Thomas E. Dewey
|Thomas Edmund Dewey|
51st Governor of New York
1943 – 1954
|Lieutenant(s)||Thomas W. Wallace (Jan 1943-Jul 1943)
Joe R. Hanley (1943-1950)
Frank C. Moore (1950-1953)
Arthur H. Wicks (1953)
Walter J. Mahoney (1954)
|Preceded by||Charles Poletti|
|Succeeded by||W. Averell Harriman|
|Born||March 24 1902
|Died||March 16 1971 (aged 68)
Thomas Edmund Dewey (March 24, 1902 – March 16, 1971) became an American legend for his success in prosecuting organized crime in New York City. Dewey later was elected the Governor of New York and was the unsuccessful Republican candidate for the U.S. Presidency in 1941 and 1948. His gubernatorial administration established the state university system in 1947, and took the lead in public health and transportation policies. Under his leadership, New York was the first state in the nation to enact laws prohibiting racial or religious discrimination in employment and education.
Dewey, a leader of the liberal faction of the Republican party, fought the conservatives led by Senator Robert Taft, and played a leading role in the nomination of Dwight D. Eisenhower for the presidency. His interaction with Taft and Eisenhower led to a crucial role in moving the United States forward as a world power in the years following World War II. Dewey represented the Northeastern business and professional community that accepted most of the New Deal after 1944. His successor as leader of the liberal Republicans was Nelson Rockefeller, who became governor of New York in 1959, and Vice-President of the United States in the Ford administration from 1974 to 1977.
Early life and family
Dewey was born and raised in Owosso, Michigan, where his father owned, edited, and published the local newspaper. He graduated from the University of Michigan in 1923, and from the Columbia Law School in 1925. While at the University of Michigan, he joined Phi Mu Alpha Sinfonia, a national fraternity for men of music. He was an excellent singer with a deep, baritone voice, and in 1923, he finished in third place in the National Singing Contest. He briefly considered a career as a professional singer, but decided against it after a temporary throat ailment convinced him that such a career would be risky. He then decided to pursue a career as a lawyer. He also wrote for The Michigan Daily, the university's student newspaper club.
In 1928, Dewey married Frances Hutt. A native of Sherman, Texas, she had briefly been a stage actress; after their marriage she dropped her acting career. They had two sons, Thomas E. Dewey, Jr. and John Dewey. Although Dewey served as a prosecutor and District Attorney in New York City for many years, his home from 1938 until his death was a large farm, called "Dapplemere," located near the town of Pawling. According to biographer Richard Norton Smith in Thomas E. Dewey and His Times, Dewey "loved Dapplemere as [he did] no other place," and Dewey was once quoted as saying that "I work like a horse five days and five nights a week for the privilege of getting to the country on the weekend." Dapplemere was part of a tight-knit rural community called Quaker Hill, which was known as a haven for the prominent and well-to-do. Among Dewey's neighbors on Quaker Hill were the famous reporter and radio broadcaster Lowell Thomas, the Reverend Norman Vincent Peale, and the legendary CBS News journalist, Edward R. Murrow. Dewey was a lifelong member of The Episcopal Church.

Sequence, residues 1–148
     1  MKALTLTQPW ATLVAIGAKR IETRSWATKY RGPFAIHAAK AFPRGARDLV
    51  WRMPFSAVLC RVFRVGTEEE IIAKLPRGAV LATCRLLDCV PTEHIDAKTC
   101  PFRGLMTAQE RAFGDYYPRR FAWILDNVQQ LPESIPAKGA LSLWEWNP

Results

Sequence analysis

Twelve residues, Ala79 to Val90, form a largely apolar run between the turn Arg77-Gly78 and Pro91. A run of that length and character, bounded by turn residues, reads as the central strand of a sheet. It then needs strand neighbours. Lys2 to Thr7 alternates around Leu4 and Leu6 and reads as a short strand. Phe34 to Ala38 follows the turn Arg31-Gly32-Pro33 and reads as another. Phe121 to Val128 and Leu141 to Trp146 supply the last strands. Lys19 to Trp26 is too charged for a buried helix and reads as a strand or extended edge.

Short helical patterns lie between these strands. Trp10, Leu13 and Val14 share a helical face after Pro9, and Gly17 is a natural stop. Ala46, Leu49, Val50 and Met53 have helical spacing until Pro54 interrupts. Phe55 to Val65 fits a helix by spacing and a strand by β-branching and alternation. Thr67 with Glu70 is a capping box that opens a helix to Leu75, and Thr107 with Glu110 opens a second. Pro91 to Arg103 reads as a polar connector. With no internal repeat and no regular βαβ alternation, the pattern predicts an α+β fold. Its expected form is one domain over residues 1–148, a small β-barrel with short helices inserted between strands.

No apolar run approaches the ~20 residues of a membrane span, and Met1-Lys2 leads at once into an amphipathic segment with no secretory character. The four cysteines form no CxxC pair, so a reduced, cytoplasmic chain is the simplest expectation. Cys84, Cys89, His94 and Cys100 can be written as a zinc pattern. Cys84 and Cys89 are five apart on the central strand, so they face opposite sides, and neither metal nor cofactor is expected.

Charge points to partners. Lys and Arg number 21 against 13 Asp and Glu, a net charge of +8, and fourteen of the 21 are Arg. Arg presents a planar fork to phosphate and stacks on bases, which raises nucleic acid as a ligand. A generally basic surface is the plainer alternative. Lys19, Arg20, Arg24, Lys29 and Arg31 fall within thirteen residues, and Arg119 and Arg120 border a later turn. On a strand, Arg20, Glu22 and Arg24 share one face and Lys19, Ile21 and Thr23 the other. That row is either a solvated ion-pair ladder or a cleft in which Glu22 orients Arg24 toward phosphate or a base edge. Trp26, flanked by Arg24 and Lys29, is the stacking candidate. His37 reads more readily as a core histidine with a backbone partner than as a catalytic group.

New York prosecutor and District Attorney
During the 1930s, Dewey was a New York City prosecutor. He first achieved headlines in the early 1930s, when he prosecuted bootlegger Waxey Gordon while serving as Chief Assistant U.S. Attorney for the Southern District of New York. Additionally, he relentlessly pursued gangster Dutch Schultz, both as a federal and state prosecutor. Schultz's first trial ended in a deadlock; prior to his second trial, Schultz had the venue moved to Syracuse, then moved there and garnered the sympathy of the townspeople so that when it came time for his trial, the jury found him innocent, liking him too much to convict him. Following that trial, Dewey and Fiorello H. LaGuardia found grounds with which to try Schultz a third time, driving Schultz into hiding in Newark, New Jersey. There, Schultz put into action a plan to assassinate Dewey. Crime boss Lucky Luciano, fearing that if Dewey was murdered, the FBI and federal government would wage all-out war on the Mafia, ordered that Schultz be killed before he had the chance to finalize his plans. Luciano's plan went accordingly, and before Schultz could finish organizing his plot to kill Dewey, Schultz was shot to death by a Mafia hitman in the restroom of a bar in Newark. Shortly thereafter, Dewey turned his attention to prosecuting Luciano. In the greatest victory of his legal career, he convinced a jury to convict Luciano of being a pimp who ran one of the largest prostitution rings in American history.